NOTE
Some web-based businesses believe (wrongly) that automatic email response can handle all of their customer email inquiries. While automatic email response does have a role in many multi-threaded customer service strategies — it can’t do it all — also use live CSR support.

Email Management Systems

Any business that has a large volume of email, or finds that its email volume is growing exponentially, should consider using an email management system. And for those astute e-commerce operators that want to handle email inquiries with the same quality of service as telephone calls, an email management system (EMS) may be in their future. Although costly, an EMS can provide the infrastructure, processes and methodologies to handle online customer service issues in a manner comparable to, and sometimes as good or better than, what is available through most call centers.

As discussed previously, e-commerce is conducted in essentially one of two ways:

1. A customer obtains information on products and services through a website. (How extensive the available online information is can vary from product description to FAQ to an extensive, dynamic knowledge base.) The customer then uses the telephone to call a CSR to place an order and/or to ask for additional information.

OR

2. A customer not only obtains detailed information on products and services through an easy navigational path through a website, but also can obtain additional information through various channels (chat, message boards, FAQs, knowledge bases, VoIP, co-browsing) and, of course, place an order — all entirely through the e-commerce website.

Many customers (especially the Internet savvy ones) prefer to take the self-help route (product/service descriptions, knowledge base, FAQs, message boards, etc.) then, if that doesn’t work, they will contact the website via email. If the customer has chosen to make contact via email, then a website must make it as easy as possible by providing (at the minimum) a form on the website for its customers to fill out. A “Contact Us” web page devoted to email address links segregated by departments would be even better. This desire by customers to use email (and online ordering) represents a great opportunity for websites that have implemented a high-quality email management system. However, if implementing an EMS, study the websites of Net2Phone, Microsoft, HP, and AOL first. Learn from their mistakes.

The advantage of email (and online ordering) is that the transaction can be conducted in an asynchronous manner. Unlike a telephone call, the parties involved in the transaction do not have to be in the transaction at the same time. This is especially valuable to both parties when the interaction needed is minimal, and the need to complete the transaction is not immediate. For example, customers may want to get the tracking number of an order so that they can check the status of their order at their convenience. An email management system can provide the infrastructure necessary to enable a busy e-commerce website to promptly and efficiently handle the vast amounts of customer-based electronic communications.

Clearly, one of the benefits of having an online presence is that customers can conduct their own research on products and services, at their own pace. As discussed throughout this book, a well-designed e-commerce site makes it easy for customers to find what they want, and helps them get answers to most of their questions. Motivated customers will navigate their way through well-designed web pages, and will make purchasing decisions or resolve a service issue on their own. This kind of self-service system offers tremendous leverage to a web-based business that doesn’t have the wherewithal to provide 24x7 call center capabilities. The value of a good EMS can be significant, for both the customer and a busy e-commerce site.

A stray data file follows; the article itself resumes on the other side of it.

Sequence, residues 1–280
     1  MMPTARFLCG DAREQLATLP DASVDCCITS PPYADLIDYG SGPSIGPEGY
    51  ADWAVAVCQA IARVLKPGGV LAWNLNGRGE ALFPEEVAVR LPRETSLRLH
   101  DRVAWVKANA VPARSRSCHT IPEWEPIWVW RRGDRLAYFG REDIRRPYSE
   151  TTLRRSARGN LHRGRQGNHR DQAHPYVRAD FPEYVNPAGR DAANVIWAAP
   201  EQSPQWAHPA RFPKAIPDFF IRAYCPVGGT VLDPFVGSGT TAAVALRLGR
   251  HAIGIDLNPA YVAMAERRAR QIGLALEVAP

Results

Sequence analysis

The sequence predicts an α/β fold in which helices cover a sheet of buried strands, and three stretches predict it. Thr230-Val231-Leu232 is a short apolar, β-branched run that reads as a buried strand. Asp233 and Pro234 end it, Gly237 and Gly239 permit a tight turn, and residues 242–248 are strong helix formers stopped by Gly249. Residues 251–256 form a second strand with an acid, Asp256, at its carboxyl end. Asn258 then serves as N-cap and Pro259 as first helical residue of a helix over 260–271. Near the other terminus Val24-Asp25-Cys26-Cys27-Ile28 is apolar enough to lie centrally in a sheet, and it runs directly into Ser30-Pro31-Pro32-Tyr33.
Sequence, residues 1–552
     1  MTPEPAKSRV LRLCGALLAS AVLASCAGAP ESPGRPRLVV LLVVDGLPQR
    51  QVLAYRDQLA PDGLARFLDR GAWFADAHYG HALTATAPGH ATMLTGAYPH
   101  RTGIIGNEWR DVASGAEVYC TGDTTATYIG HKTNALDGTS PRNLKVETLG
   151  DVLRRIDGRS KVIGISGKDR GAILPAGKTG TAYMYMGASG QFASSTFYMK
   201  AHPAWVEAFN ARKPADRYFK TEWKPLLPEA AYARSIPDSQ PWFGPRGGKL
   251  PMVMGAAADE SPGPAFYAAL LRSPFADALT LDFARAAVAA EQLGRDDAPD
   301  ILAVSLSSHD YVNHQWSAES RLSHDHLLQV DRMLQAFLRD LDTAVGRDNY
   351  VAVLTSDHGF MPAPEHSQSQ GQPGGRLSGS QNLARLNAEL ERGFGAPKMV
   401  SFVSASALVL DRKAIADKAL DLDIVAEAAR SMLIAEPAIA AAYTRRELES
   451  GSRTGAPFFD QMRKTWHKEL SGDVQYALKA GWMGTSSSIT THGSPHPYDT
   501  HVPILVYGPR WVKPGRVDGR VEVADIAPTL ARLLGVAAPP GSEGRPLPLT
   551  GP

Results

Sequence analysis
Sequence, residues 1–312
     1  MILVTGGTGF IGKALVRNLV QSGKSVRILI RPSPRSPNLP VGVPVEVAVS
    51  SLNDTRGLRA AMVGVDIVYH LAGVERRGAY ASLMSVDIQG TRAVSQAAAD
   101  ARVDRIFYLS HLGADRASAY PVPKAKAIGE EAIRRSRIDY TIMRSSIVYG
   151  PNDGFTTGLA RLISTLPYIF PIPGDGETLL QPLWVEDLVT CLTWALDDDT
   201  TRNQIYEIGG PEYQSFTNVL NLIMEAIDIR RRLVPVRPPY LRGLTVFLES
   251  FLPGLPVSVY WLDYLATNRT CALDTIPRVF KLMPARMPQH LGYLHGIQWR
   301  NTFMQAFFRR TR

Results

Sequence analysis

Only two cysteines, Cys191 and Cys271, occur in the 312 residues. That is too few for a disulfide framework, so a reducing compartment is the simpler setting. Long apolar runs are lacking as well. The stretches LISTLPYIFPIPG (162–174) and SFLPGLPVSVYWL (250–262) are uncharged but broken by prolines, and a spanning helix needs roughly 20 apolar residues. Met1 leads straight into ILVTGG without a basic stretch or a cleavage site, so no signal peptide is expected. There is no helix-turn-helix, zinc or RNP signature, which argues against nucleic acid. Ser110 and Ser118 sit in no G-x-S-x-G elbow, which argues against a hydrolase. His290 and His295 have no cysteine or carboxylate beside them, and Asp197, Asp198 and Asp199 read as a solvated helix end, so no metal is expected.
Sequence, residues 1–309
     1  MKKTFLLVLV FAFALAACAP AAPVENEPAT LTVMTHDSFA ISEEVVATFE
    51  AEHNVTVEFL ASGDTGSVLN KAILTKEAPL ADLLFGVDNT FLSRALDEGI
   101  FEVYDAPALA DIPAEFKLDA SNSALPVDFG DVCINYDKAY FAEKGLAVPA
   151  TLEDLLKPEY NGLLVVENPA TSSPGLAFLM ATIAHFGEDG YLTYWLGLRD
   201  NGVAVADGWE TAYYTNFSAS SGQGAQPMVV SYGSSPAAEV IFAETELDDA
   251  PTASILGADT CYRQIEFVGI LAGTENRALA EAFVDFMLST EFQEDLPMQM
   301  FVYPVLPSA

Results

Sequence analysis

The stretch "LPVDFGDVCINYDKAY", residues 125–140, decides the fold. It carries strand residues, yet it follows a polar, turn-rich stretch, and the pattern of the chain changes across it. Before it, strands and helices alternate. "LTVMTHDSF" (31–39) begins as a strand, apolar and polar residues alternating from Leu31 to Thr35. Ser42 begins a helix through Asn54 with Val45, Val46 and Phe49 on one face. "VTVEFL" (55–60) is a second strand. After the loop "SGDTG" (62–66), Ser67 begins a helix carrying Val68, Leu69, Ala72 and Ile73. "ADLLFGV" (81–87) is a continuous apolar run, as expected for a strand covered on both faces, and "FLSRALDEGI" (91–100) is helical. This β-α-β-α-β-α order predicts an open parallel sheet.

The requirements for a high-performing EMS are to get the right answer to the customers, using the right kind and the right amount of resources. This means that the EMS should recognize the kind of inquiry initiated by the customer, determine what resource it will take to process that inquiry, and then apply those resources to get the answer to the customer. Let us examine each of these requirements in turn.

An incoming message must first be recognized by the EMS for what it is — the system must determine if it falls into a predetermined category of communications, such as a product question, an information request, a billing query, a complaint, or a follow-up to an earlier communication.

Email tends to be free form in nature, so the EMS must have the ability to parse the communication, and determine the category from the message itself. The EMS must then determine if the inquiry can be handled in an automated manner. A majority of customer queries fall within a few categories. For example, a company that sells headsets may receive a large number of installation questions, but the questions themselves may fall into just a few categories (e.g. sound card questions, volume requirements, operating system compatibility, etc.) — the company already knows the answers to most of these questions. With access to a comprehensive knowledge base of answers to these frequently asked questions, a good EMS can match a customer’s request to the appropriate answer in the knowledge base.